by Deb Schmidt-Rogers
Have you ever had a conversation with a parent that left you shaking your head? I have had plenty, and for a long time the ones that really got me were the ones where parents would tell me, “I think they really need to stay at (insert your college name here) to be successful.” I, as the college administrator, had phoned them in the hopes that they would drop everything and get to campus as quickly as they could, because their student was disintegrating in front of my eyes. I don’t make these calls whimsically. But. They. Didn’t. But. They. Wouldn’t. I now know it was because they couldn’t.
I am the parent of a brilliant, creative, super-funny, highly verbal and very sensitive, 17 year old daughter with the most beautiful eyes I have ever seen. She has been diagnosed as bi-polar. I suspect she was diagnosed about 4 years too late, and I carry that guilt with me daily. I suspect she should have been on medication years earlier, and I carry that guilt with me daily. I have so much guilt about her diagnosis on any given day, that it can paralyze me, or reduce me to tears (I am pretty close to those tears as I write).
She had her first hospitalization in her first year of high school. Almost one week inpatient, released with a diagnosis of MDD, and was placed on medication. She was bullied after that hospitalization (though we did not know it for many months – and I carry that guilt with me daily) and in her sophomore year, things came to a head and we pulled her out of high school in March and began to home school her. Her diagnosis was changed to bi-polar and nearly 5 medications later, she seemed to stabilize. Home schooling increased her academic confidence. We had a really wonderful summer between junior and senior year. She worked full time, traveled to and from work successfully, saw her therapist weekly, took her meds. She was feeling good…and you know what happens when bi-polar people feel good? They think they do not need to be on their medication. We discovered weeks later, that she was not taking her meds but was throwing them away.
So what does living with a bi-polar person feel like? Like you are walking on eggshells all the time. Like you are afraid to be in your own home. Like you must weigh each and every sentence that comes out of your mouth because you don’t know if that will be the sentence that sets her off. Like you want to live somewhere else. And yes, I carry that guilt with me daily.
My daughter could be having a conversation with me about something innocuous, and I would say the thing that triggered her. She did not like to hear no. She broke things, she threw things, she tore things, she said vile, evil, frightening things. She would tell me afterward, that she could feel herself losing control, and would tell herself to stop, and the next thing she knew she was throwing the laptop across the room, or down the stairs, or out the window. The police have been called to my house because her behavior has been so frightening. I have been told that she is going to kill me (and the way that she would do it in great detail), I have been told to never speak to her again. I have been told I am the worst mother ever, I have been told that she hates me more than any person could hate another person. I have been told that I will never, ever see my grandchild. I have heard all of those things hundreds of times, and in between those times, I get punctuated obscenities of the worst kind – words I would never, ever say.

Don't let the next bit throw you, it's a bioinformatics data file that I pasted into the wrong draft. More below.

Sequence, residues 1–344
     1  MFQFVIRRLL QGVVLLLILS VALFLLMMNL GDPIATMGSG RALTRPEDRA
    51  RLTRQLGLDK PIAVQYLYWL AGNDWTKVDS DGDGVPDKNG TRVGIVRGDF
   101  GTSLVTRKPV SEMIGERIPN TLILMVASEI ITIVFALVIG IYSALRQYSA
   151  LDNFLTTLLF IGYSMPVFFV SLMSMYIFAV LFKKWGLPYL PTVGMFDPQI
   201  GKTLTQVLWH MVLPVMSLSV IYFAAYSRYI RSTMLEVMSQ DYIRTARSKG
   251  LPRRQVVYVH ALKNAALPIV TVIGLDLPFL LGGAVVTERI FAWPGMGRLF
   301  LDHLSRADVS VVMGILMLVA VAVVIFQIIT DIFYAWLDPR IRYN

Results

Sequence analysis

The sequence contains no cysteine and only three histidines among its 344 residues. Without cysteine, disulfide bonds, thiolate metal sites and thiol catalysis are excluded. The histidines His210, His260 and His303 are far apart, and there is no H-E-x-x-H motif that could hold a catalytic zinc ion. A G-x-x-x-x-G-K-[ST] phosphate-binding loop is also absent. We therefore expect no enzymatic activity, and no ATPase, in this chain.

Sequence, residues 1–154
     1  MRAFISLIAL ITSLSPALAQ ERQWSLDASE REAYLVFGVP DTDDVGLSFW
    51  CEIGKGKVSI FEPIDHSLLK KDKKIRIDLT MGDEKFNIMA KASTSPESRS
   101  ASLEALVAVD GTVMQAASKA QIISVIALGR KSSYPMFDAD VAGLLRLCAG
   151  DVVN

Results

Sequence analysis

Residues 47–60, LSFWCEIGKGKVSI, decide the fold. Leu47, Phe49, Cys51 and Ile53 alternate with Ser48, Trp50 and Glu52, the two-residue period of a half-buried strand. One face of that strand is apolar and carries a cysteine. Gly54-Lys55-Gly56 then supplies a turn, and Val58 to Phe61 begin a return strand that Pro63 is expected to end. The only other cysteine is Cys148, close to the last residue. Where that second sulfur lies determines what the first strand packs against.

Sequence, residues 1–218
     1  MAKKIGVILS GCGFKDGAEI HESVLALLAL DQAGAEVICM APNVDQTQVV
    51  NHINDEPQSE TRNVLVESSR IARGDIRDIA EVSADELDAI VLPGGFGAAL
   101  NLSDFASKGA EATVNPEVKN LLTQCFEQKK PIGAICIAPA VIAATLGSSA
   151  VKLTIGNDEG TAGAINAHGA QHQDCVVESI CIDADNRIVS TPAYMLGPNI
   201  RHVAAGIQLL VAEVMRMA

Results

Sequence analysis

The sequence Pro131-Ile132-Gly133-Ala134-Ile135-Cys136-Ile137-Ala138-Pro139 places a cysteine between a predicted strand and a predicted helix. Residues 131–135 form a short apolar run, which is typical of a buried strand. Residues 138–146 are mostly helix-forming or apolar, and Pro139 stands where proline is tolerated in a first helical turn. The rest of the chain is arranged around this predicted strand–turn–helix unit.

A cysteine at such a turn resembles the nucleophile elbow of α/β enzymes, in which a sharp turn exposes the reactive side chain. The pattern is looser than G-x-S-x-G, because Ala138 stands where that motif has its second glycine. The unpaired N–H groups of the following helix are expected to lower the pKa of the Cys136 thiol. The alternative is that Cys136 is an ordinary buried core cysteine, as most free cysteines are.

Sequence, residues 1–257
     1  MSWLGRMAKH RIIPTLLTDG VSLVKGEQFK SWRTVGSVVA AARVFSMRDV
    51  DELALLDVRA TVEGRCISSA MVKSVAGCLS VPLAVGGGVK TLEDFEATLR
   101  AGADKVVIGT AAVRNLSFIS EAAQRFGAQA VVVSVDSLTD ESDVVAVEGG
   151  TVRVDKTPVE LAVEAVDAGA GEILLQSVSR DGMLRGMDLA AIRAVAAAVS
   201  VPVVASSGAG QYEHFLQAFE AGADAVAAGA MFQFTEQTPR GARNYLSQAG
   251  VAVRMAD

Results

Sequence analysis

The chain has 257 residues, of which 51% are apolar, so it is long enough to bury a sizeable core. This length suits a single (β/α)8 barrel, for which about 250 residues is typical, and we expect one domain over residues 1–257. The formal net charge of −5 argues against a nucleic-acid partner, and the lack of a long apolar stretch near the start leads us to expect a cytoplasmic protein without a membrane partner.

Do you think I am kidding? Have you ever lived with someone who is bi-polar?
She disintegrated quickly this past fall when she went off of her medications. She insists she is not bipolar and has no need to take them ever again. She became so out of control, that on October 15th, the police needed to be called. She ran down the street holding a knife and we did not know where she was for 4 days. She stopped attending school, she stopped communicating. And here is my big confession. My daughter has not lived with us since October 15th. Very few people in my professional circle know this. My own co-workers do not know this. I feel like the worst mother in the world – my 17 year old daughter does not live with us, because she refuses to be med compliant and we could not continue to live like we had been for the last two years, because we need to be healthy too. As parents, we are told over and over about unconditional love. I am here to tell you that the line between tough love and unconditional love is razor thin. I get it now when the parents I call can’t do the thing I want them to do.
I am an advocate for coming out from behind the curtain, and yet, here I have been – safely behind the curtain for almost 7 months. I am afraid of being judged. I don’t believe the tweets of support – would you really hire me if you knew I had to deal with this on a daily basis? Do you think it would distract me from my work? I try really hard to stay focused, I have learned to compartmentalize. When I know I can’t do it, I take a break, regroup, and begin again. Oh, and I cry.
My daughter and I are working toward a relationship. We speak, we call, we text. We see one another fairly regularly. I don’t talk as much, am less confrontational than I want to be. She will become a mother in September and I want, no I need, to be in her life. She is after all brilliant, creative, super-funny, highly verbal and very sensitive – my 17 year old daughter with the most beautiful eyes I have ever seen.
Originally posted at the Student Affairs Collective on May 20, 2014.